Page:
Specter logs all attempted access, including intruders’ IP addresses, a traceroute to their connections, and various protocol banners identifying the OS and versions of the services from which the attack came. The Log Analyzer lets you filter by the type of service or trap, making it easy to drill down to the details of each access attempt and even see the passwords and directories accessed during sessions. Specter is very efficient in directing attacks away from your production servers.
Fred Cohen’s Deception Toolkit is probably the best-known free honeypot. This is really a suite of applications that listens for inbound traffic used by common servers (FTP, Telnet, HTTP, Back Orifice, etc.) and uses scripted responses mimicking services expected from a standard server. This is not a very complex system, and experienced hackers will soon realize that they’re on a honeypot. However, the Deception Toolkit is free and can provide for some protection and data collection.
Another free honeypot is called a “packet box.” This is a fully functional computer running your flavor of server OS. Most of the time, you can take an old machine and put a copy of Linux or Windows NT 4.0 on it. This machine is intentionally left vulnerable so that attackers can gain full administrative access. You simply put a good log tracking program on the machine so you can go back and see what kind of attacks hackers are using and try to fingerprint them. This approach is risky, but a packet box has advantages over simulations.
Unlike commercial honeypots, packet boxes have token hardware requirements and can be implemented very cheaply. Also, because they use standard operating systems and software, they can be exceedingly difficult to distinguish from normal, nonhoneypot machines. Intruders may spend days or even weeks inside without ever realizing they’ve been caught. Since the packet box isn’t limited to predetermined responses, the data collected can be used to examine new or unknown types of attacks on a model of your production system.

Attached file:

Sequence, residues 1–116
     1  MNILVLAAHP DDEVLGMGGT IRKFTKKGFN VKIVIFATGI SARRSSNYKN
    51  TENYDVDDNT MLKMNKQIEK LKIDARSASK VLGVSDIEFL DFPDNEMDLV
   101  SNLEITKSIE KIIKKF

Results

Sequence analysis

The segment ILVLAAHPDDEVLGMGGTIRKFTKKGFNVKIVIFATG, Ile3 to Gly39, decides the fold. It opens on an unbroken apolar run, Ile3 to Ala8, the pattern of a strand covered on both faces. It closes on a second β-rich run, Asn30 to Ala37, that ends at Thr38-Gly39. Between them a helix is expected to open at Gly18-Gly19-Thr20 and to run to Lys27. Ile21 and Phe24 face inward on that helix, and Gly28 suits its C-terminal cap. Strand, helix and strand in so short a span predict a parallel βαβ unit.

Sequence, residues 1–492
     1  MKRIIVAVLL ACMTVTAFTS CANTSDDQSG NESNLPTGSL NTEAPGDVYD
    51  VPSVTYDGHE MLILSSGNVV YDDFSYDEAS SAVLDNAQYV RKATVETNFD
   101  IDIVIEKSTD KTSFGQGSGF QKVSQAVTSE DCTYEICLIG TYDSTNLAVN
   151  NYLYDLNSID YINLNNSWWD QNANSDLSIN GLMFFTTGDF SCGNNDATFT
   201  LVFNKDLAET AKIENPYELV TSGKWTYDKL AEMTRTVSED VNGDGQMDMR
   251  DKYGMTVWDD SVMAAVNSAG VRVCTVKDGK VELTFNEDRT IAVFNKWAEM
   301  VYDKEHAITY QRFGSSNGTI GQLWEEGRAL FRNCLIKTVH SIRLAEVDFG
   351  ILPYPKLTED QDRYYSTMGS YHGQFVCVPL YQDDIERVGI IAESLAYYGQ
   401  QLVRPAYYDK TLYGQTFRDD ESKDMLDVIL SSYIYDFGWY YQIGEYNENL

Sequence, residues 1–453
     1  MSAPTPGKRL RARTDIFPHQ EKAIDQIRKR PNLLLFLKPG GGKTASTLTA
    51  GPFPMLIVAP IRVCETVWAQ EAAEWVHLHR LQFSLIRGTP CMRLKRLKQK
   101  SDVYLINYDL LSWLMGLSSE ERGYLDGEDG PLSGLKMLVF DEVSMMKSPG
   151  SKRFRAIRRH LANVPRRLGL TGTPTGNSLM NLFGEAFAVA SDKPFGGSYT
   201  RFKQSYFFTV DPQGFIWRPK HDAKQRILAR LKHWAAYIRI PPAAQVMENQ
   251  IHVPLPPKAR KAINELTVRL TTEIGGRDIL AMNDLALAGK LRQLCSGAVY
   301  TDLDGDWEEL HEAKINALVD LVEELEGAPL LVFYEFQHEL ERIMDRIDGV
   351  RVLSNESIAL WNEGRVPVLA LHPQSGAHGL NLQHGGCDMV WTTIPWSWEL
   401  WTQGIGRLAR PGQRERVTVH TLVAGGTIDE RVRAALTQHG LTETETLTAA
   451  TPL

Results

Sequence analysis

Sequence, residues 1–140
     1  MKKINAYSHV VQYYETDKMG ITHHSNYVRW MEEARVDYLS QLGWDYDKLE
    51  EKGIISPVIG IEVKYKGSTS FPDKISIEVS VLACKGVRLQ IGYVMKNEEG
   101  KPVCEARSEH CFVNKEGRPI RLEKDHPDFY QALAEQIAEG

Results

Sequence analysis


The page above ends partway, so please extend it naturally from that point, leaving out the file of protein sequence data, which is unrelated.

You have to remember that you are truly playing with dynamite when you deploy a honeypot. There is always somebody smarter than you on the outside of your network. (I hate to admit that one myself.) Essentially, you’re daring them (once they learn they’re on a honeypot) to compromise your network. Hackers are constantly inventing new ways to spoof and hide themselves among legitimate network traffic, and if an expert targets your network, you could be in for a lot of trouble.
Despite that disclaimer, I still advocate the use of honeypots. I consider them a necessary part of any network. Most network security is defensive in nature, but honeypots can be a silent offensive weapon. They are an extremely powerful tool and when properly implemented, they become an offensive weapon that allows you to learn valuable information about hackers. They can even help you identify and prosecute the most malicious attackers.
Does your network security include a honeypot?